As far as I can tell, only ForwardDiff has addressed this problem, but it’s generally too slow for getting the gradients with regards to the parameters. Those looking to implement PINNs in Julia will probably have to do it through some other, more clever approach which does not rely on the intuitive syntax the snippets in this thread try to reproduce.

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I would’ve thought TaylorDiff could do it since it was recommended above, but as noted earlier I lack the know-how to provide any guidance. Did you run into any issues trying it in place of Reverse/ForwardDiff?

I’m currently trying TaylorDiff!

It doesn’t seem very robust, at least in my naive implementation, but it might work. The issues are twofold:
a) it does not support most activation functions in NNlib, so one must instead use their non-optimized versions;
b) it doesn’t play nicely with ReverseDiff (but Zygote seems to work when the parameters are stored as a NamedTuple).

Code snippet for a):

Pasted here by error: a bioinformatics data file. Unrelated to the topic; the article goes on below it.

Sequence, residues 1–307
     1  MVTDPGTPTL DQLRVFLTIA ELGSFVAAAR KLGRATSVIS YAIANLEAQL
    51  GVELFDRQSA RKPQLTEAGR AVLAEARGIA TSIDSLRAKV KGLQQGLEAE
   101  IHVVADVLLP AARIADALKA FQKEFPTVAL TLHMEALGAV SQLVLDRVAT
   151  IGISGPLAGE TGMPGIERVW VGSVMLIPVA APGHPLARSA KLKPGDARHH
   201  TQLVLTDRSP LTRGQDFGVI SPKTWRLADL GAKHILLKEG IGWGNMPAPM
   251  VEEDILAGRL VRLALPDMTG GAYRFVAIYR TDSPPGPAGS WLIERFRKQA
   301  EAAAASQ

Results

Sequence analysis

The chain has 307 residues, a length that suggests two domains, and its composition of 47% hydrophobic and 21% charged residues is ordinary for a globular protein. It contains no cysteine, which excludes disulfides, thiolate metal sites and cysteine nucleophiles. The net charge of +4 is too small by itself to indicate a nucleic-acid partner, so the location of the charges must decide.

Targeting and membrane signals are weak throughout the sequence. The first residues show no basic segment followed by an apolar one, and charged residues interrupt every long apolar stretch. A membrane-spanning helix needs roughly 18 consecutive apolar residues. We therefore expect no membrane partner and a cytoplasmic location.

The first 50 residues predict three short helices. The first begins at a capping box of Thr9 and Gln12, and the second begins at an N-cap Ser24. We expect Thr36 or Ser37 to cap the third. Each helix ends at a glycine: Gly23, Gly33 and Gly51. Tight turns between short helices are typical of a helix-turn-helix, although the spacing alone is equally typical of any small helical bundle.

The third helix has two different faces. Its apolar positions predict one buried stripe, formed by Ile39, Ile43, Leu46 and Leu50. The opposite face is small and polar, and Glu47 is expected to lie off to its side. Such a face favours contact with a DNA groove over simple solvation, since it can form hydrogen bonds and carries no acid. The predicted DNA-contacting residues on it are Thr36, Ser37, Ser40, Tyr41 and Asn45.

using Lux, Random, TaylorDiff, Zygote

#Network Setup 
n = 16
model = 
    Chain(Dense(1 => n,tanh),
          Dense(n => n,tanh),
          Dense(n => 1))
rng = Random.default_rng()
p0, s0 = Lux.setup(rng,model)
x0 = 1f0

net(x,p) = model([x],p,s0) |> first |> first

diff(x,p) = TaylorDiff.derivative(x->net(x,p),x,2)
diff(2x0,p0) # ERROR: MethodError: no method matching tanh_fast(::TaylorScalar{Float32, 3}) 

Code snippet for b)

using Lux, Random, TaylorDiff, Zygote, ReverseDiff, ComponentArrays

#Network Setup 
n = 16
model = 
    Chain(Dense(1 => n,cos),
          Dense(n => n,cos),
          Dense(n => 1))
rng = Random.default_rng()
p0, s0 = Lux.setup(rng,model)
x0 = 1f0

net(x,p) = model([x],p,s0) |> first |> first

diff(x,p) = TaylorDiff.derivative(x->net(x,p),x,2)
diff(x0,p0) # WORKS

gradZY(x,p) = Zygote.gradient(p -> diff(x,p),p)
gradZY(x0,p0) #WORKS (only for p0 a NamedTuple, not for p0 a ComponentArray)

pc = p0 |> ComponentArray
gradRV(x,p) = ReverseDiff.gradient(p -> diff(x,p),p)
gradRV(x0,pc) #ERROR: TypeError: in TrackedReal, in V, expected V<:Real, got Type{TaylorScalar{Float32, 3}}